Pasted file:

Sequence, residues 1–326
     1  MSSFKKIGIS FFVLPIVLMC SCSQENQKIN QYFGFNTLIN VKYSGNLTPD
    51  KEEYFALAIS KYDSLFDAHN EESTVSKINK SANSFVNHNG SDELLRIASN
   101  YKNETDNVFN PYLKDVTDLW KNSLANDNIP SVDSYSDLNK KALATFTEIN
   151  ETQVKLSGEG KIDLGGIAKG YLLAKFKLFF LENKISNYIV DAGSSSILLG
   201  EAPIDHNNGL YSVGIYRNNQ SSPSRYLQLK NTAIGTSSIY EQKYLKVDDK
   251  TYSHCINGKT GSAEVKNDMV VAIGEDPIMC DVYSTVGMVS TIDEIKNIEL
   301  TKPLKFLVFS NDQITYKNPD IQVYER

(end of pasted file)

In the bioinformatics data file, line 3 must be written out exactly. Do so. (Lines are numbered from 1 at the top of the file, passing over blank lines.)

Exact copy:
    51  KEEYFALAIS KYDSLFDAHN EESTVSKINK SANSFVNHNG SDELLRIASN